Many groups in the environmental community have come out in opposition to the Fishery Science Improvement Act (H.R. 2304). While some of those groups have reacted in typical knee-jerk fashion, labeling supporters of the bill as favoring “extinction,” the more thoughtful among them have circulated concerns that are no less illogical, but perhaps more diplomatically phrased.
Opponents of FSIA disapprove of the bill’s requirement that managers have a modern, recent assessment in hand in order to set an annual catch limit (ACL) for a stock of fish. Terrestrial and freshwater wildlife resource management agencies would not think of operating without standardized stock surveys and assessments. Yet, for our marine resources, it appears that some groups believe that “readily available information such as biology” is adequate to replace a standardized, peer-reviewed stock assessment as the foundation of management, even when it has drastic social and economic consequences. A hodgepodge of partial bits of information that perhaps add up to an informed guess will always fall short of the standards we as a nation have used for managing our fish and wildlife resources.
At its core, FSIA rejects the notion that a swag — a scientific wild ass guess — is good enough to be the foundation of management for hundreds of marine stocks that have either never had an assessment or have been deemed inadequately assessed by NOAA Fisheries.
From their same artful hatchet job opponents maintain: FSIA would “undermine the ACL requirement by exempting managers from setting science-based catch limits for fish populations that have not been assessed in the past five years. It would also prevent managers from using scientifically valid methods for establishing catch limits based on existing and readily available information such as the biology of the species and recent commercial and recreational catch data.”
In fact, federal fisheries managers have taken actions in the past to prevent overfishing in the absence of a quantitative assessment by proactive use of aggregate bag limits, vessel limits, minimum size limits, gear restrictions, seasonal and areal closures and other common sense measures. Without passage of H.R. 2304, managers will be forced to abandon these approaches and set an artificial quota (a dart thrown at the wall) in pounds per year without the science to back such measures. In response to this conundrum, the regional fishery management councils currently are removing species from management plans and leaving them without any conservation measures for protection. You will not see that harsh reality addressed in any of the attack pieces currently circulating.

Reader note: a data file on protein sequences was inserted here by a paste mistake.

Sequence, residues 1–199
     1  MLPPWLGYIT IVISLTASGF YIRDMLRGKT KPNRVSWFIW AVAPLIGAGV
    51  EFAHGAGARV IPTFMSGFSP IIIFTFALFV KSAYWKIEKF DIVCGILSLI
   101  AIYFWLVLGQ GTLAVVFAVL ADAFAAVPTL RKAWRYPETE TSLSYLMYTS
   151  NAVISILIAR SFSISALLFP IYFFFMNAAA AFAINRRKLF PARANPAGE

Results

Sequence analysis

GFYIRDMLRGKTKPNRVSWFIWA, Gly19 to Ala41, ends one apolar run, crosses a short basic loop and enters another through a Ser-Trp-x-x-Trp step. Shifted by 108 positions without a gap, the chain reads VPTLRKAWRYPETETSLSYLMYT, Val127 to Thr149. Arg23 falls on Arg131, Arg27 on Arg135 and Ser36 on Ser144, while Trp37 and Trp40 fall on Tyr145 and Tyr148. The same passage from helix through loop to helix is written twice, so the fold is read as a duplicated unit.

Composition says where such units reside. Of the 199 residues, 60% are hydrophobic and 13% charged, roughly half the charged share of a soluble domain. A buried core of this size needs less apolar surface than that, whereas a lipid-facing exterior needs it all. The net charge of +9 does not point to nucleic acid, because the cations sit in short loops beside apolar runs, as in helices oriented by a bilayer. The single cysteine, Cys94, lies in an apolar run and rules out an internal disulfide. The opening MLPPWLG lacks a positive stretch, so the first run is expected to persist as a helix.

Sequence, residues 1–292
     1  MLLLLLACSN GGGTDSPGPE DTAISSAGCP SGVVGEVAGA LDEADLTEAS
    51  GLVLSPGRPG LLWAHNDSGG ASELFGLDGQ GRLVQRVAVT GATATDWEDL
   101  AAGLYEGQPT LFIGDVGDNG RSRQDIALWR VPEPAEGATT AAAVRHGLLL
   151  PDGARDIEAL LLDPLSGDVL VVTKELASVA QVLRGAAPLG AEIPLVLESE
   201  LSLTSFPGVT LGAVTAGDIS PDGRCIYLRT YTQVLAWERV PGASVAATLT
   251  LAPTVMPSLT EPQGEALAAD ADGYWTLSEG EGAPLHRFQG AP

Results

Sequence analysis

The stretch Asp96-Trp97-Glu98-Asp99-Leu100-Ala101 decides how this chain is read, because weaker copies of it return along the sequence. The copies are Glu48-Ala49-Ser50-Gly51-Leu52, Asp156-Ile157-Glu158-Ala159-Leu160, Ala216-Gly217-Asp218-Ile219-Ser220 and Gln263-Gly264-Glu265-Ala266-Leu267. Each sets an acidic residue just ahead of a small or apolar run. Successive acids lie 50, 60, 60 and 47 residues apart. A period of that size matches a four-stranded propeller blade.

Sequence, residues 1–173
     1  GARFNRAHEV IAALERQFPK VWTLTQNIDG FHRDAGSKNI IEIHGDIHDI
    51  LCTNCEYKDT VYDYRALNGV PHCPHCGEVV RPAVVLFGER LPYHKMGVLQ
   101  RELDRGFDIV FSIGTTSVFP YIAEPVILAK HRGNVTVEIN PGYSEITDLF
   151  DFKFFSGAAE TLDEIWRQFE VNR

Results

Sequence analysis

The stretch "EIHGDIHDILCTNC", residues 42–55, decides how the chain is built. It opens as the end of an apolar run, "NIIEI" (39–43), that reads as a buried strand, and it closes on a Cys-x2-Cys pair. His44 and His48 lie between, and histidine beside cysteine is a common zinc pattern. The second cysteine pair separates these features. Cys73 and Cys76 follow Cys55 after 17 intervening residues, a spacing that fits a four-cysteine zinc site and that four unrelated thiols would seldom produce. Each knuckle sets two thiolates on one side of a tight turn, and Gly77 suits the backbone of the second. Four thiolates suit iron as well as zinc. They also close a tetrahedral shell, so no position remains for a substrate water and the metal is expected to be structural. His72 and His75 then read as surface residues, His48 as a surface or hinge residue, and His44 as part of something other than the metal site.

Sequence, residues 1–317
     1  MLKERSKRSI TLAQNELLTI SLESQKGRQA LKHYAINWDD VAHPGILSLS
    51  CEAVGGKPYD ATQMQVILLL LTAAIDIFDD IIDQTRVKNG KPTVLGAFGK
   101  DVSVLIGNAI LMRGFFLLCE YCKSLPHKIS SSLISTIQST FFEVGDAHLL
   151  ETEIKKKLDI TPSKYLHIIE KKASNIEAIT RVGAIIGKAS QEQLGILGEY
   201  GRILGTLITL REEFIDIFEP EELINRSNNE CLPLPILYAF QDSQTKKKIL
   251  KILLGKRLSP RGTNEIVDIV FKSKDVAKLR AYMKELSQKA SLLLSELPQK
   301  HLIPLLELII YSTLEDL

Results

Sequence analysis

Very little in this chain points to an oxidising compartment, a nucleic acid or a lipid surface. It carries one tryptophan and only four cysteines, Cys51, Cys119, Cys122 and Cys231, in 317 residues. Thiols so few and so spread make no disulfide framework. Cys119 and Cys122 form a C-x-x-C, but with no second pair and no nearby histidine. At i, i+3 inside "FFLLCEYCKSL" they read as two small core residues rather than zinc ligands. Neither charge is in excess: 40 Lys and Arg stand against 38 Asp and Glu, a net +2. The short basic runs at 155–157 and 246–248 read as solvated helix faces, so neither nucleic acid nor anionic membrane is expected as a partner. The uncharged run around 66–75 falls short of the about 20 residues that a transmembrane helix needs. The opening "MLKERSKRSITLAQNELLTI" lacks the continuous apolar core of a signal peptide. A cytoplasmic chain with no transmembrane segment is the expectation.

The inaccurate ENGO piece also distorts the status quo and misleads the reader on the legislation when it claims, “The misnamed ‘Fisheries Science Improvement Act’ would create a new loophole that could allow the Secretary of Commerce to exempt scores of fish species from the requirement to establish science-based catch limits, including those that are undergoing overfishing. H.R. 2304 would establish a new, ill-defined category of fish populations known as ‘ecosystem stocks’ that are exempt from catch limits.”
In fact, ecosystem management has been promoted by scientists and conservationists for years and is currently used by NOAA Fisheries. But to manage larger core groups of like-species as “ecosystem stocks” with aggregate bag limits, vessel limits, minimum size limits, gear restrictions, seasonal and areal closures and other common sense measures will provide broad protections for the greatest number of species while science catches up with specific quantitative assessments.
The stocks we know are vulnerable (through assessments) are already being managed by catch limits and other conservation tools. We do not know the status of the vast majority of other species now covered by federal fishery management plans. H.R. 2304 will promote the development of the data and science necessary to determine the status of these data-poor stocks while allowing the fishery management councils to continue managing them with measures other than arbitrary caps on annual pounds landed. This will let the councils retain the ability to use existing tools, their backgrounds and experience, and common sense to forge a balanced management approach that provides protection to these stocks without unnecessarily crushing the economic engine provided to this country by the businesses that support the fishing industry.
The specious claim advanced is that the mere existence of the statutory ACL requirement has improved stock assessments and data collection. Nothing could be further from the truth. Not a single ACL has been implemented for any of the hundreds of healthy stocks as a result of this provision.
The ENGO then lists stocks of fish that could be exempted from the ACL provisions of the statute as a result of FSIA. I can report that almost without exception, every stock listed is currently managed by quotas, gear restrictions, trip limits, effort limitation programs, closed areas, closed seasons, size limits, and individual and/or aggregate bag limits. All these classic fishery management tools are working.
Let’s not abandon classic fishery management tools for one-size-fits-all ACLs when we do not have the data to inform that decision making. Let’s give improved science a chance to work for conservation.